Directing attention to FIG. 2, it will be seen that a layout is provided which teaches a mode of obtaining the proper ratio, assuming, for example, a silicon strip 12 having a refractive index of 1.76 and a desired deflection angle D of 60.

Referring to FIG. 2, the index of refraction n, according to Snells law, is:

n=sin i /sin r By definition tan =a/b and From Eq. 1 sin r ==1/n sin 1', then (1) and (3) sin r =1/1.76. .5-=.284l then r =16.5 from (2) tan r =a/b =tan 16.5;.2962

tially the same location on the surface 20. In other words, there will exist a substantial identity of reversed location between the point of beam entry on one surface and point of beam exit on the other surface when the respective surfaces are substantially congruent.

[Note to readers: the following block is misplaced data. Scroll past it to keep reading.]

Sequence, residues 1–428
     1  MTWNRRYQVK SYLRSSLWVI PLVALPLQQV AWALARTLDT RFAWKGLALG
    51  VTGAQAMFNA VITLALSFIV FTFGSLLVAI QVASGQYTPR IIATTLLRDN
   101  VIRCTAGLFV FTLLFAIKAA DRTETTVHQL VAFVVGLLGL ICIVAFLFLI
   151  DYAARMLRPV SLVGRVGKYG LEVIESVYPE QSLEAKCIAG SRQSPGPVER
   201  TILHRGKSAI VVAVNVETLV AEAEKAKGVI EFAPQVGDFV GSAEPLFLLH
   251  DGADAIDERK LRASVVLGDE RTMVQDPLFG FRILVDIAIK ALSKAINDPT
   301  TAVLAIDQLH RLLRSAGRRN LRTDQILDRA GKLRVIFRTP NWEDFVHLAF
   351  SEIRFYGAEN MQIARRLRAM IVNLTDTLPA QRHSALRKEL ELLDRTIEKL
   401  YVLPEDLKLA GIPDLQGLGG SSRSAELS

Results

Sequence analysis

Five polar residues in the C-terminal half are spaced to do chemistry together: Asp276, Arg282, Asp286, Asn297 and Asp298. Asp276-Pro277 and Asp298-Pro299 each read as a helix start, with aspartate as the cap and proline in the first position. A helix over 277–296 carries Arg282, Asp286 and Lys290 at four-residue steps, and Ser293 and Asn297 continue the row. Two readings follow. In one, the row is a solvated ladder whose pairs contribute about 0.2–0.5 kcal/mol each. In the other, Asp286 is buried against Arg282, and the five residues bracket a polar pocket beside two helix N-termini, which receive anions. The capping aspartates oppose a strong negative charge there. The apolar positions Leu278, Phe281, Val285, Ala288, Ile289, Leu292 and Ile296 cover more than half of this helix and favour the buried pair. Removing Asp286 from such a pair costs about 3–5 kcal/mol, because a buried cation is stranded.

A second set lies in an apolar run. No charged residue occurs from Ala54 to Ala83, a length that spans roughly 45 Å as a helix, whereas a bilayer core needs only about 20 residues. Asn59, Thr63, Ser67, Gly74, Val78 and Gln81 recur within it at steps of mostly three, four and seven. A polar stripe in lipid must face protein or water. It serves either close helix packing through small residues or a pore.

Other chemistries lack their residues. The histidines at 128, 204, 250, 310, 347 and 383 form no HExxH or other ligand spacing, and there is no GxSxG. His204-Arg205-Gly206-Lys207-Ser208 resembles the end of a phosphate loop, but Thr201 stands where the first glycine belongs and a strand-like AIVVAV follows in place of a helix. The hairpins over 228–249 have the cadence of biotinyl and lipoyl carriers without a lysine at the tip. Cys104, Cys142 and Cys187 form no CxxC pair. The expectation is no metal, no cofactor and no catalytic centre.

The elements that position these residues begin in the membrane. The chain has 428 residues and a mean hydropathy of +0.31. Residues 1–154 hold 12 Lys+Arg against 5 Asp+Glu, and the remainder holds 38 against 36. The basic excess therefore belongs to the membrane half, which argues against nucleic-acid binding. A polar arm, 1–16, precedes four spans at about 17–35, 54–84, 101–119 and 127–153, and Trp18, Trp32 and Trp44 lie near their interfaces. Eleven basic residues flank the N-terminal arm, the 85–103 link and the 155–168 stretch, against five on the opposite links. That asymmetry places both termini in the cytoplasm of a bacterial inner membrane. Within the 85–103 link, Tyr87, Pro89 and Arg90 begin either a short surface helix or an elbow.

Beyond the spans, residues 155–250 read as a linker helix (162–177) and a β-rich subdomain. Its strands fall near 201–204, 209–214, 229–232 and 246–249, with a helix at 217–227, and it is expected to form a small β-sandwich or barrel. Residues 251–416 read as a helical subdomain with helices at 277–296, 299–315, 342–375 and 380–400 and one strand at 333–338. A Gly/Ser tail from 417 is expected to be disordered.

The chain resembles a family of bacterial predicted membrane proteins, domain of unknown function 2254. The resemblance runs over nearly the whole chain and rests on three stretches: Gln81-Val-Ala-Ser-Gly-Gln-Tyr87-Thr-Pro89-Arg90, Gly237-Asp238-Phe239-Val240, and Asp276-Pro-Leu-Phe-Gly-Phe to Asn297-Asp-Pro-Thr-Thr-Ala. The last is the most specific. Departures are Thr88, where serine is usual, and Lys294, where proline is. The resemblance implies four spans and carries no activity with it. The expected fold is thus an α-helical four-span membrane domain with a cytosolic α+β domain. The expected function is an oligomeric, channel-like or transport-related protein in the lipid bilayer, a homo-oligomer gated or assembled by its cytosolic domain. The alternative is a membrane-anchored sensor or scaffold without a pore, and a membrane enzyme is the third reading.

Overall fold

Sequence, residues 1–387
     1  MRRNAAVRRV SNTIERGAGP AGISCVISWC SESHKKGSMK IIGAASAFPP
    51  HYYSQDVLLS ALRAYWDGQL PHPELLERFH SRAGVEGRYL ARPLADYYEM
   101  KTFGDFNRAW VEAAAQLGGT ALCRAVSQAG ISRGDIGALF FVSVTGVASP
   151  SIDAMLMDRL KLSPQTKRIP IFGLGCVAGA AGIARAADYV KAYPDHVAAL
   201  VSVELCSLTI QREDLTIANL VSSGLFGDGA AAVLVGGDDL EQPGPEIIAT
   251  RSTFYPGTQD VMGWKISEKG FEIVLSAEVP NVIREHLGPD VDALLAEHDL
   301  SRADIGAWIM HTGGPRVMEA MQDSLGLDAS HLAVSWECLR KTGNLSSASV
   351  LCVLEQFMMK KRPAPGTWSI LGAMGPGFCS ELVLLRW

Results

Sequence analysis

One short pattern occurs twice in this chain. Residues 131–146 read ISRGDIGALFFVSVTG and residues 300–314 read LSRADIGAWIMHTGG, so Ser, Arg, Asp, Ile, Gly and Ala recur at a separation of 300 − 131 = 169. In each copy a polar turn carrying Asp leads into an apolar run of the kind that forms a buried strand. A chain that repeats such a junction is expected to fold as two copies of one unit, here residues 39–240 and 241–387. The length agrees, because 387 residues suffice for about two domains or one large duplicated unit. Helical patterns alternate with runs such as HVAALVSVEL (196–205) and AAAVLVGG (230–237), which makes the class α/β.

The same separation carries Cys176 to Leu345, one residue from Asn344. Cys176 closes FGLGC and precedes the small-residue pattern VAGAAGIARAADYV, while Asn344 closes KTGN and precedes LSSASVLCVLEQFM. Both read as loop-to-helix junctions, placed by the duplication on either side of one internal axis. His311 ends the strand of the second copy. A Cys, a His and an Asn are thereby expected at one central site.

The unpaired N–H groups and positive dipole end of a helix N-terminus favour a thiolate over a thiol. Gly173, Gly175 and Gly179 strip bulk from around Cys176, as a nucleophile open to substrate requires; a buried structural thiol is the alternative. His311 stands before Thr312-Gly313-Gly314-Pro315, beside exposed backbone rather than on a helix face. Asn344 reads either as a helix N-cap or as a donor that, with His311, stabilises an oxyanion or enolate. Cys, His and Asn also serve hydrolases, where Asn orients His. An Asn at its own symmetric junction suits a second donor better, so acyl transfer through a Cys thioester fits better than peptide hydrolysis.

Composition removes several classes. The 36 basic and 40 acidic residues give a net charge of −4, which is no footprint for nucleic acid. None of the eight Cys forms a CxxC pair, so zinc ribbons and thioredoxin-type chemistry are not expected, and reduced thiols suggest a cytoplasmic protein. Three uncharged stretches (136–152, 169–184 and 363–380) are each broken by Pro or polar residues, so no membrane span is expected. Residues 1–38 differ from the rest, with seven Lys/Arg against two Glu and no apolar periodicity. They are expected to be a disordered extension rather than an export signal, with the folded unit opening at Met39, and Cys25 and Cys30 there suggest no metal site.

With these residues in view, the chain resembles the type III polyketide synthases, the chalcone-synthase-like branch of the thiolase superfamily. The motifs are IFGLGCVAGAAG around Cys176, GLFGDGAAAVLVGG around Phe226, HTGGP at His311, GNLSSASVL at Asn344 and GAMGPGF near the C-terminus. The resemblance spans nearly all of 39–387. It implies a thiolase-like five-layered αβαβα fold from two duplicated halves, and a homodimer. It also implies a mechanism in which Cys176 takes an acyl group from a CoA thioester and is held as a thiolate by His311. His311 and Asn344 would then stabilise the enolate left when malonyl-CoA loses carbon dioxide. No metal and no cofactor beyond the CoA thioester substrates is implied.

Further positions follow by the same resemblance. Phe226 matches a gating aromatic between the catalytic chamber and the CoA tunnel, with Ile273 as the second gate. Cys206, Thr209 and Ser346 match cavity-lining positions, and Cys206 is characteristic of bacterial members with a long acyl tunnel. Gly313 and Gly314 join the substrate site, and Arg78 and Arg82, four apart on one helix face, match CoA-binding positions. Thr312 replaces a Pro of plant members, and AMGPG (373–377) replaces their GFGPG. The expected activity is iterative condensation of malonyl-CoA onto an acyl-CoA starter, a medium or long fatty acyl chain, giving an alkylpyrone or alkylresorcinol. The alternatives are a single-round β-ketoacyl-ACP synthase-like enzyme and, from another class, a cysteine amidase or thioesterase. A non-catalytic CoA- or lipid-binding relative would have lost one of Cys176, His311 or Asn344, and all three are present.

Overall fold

Directing attention to FIG. 3 which is a vertical, sectional view of a hemispherical scanner to which the disclosed invention may be applied. The numeral 30 generally indicates a housing which may be carried in an appropriate vehicle, such as an aircraft, and afl'lxed thereto; A dome 32 is carried by the housing 30 via bearings 34 and a suitable drive such as a power source or motor 36 is provided. A driving gear train 38 interconnects the motor 36 and the dome 32 and induces rotation of the dome and connected structure about the vertical axis 40. Internally, the dome 32 carries a support plate 42, the latter supporting, centrally thereof, a deflector structure 44 identical to that described with reference to FIG. 1. The plate 42 additionally carries mounted bearings 46, the latter rotatably carrying support structure 48 having connected thereto a second deflector arrangement 50, again, identical with that described with reference to FIG. 1. Driving structure (not shown) is provided to rotate the deflector arrangement 50 about axis 52, said axis being inclined 45 to axis 40.